SA will "stave off" a sovereign credit rating downgrade to subinvestment grade, or junk status, particularly if the budget on February 24 clearly states how higher economic growth will be achieved and fiscal prudence adhered to, Standard Bank chief economist Goolam Ballim said at a briefing on Tuesday.

A rating downgrade would cause capital outflows, weaken the rand and raise the cost of borrowing for government and local companies that borrow on international markets.

"We are pressed now to act and I have highlighted that February 24 is SA’s date with destiny because should we fail, especially on that date, then a downgrade to subinvestment in June will be a certainty," Mr Ballim said. "However … if we do enough in February to avert the downgrade in June, it signals that an inflection point has been reached and a new course is being charted."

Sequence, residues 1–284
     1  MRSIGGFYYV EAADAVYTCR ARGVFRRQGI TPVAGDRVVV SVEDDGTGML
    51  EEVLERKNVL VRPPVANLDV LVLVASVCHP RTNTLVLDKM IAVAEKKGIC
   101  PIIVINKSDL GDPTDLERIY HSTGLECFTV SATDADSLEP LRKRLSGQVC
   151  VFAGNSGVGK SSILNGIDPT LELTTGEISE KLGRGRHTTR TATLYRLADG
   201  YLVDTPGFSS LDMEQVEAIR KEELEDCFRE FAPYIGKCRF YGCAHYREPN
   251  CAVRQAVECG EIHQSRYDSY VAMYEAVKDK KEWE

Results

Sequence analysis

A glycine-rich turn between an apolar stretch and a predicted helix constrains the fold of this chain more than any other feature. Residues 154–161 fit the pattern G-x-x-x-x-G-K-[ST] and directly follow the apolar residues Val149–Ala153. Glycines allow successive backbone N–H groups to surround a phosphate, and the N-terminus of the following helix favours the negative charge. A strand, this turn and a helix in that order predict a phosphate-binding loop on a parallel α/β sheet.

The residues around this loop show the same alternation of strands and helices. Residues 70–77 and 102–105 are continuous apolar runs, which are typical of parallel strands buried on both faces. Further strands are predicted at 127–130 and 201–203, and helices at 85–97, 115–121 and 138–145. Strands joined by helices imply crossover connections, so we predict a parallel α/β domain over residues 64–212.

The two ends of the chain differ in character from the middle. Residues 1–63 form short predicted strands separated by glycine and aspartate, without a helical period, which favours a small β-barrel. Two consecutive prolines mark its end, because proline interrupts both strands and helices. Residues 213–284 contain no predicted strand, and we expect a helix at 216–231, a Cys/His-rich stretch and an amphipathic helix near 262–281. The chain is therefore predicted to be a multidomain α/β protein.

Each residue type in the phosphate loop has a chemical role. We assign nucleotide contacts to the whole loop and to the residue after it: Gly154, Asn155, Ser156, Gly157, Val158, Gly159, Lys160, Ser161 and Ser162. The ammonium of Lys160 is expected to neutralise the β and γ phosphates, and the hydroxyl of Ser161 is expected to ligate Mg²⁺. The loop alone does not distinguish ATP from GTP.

Standard & Poor’s rates SA one level above sub investment grade at BBB-. The negative outlook attached to the rating implies that a downgrade to subinvestment grade is possible if economic growth does not improve and budget deficits remain large, among others.

The bank forecasts the economy to grow 0.8% this year — almost in line with the Reserve Bank’s 0.9% estimate — and 1.7% next year. This growth would be supported by exports, and government and household spending.

SA needed an economic growth path beyond "rhetorical reference" to programmes such as the National Development Plan, Mr Ballim said.

Finance Minister Pravin Gordhan may announce tax hikes in his budget, as he would need an average of R30bn in revenue each year for the next three years to close the budget deficit, according to Mr Ballim.

The bank forecasts more interest rate hikes this year as the Reserve Bank tries to fight rising inflation.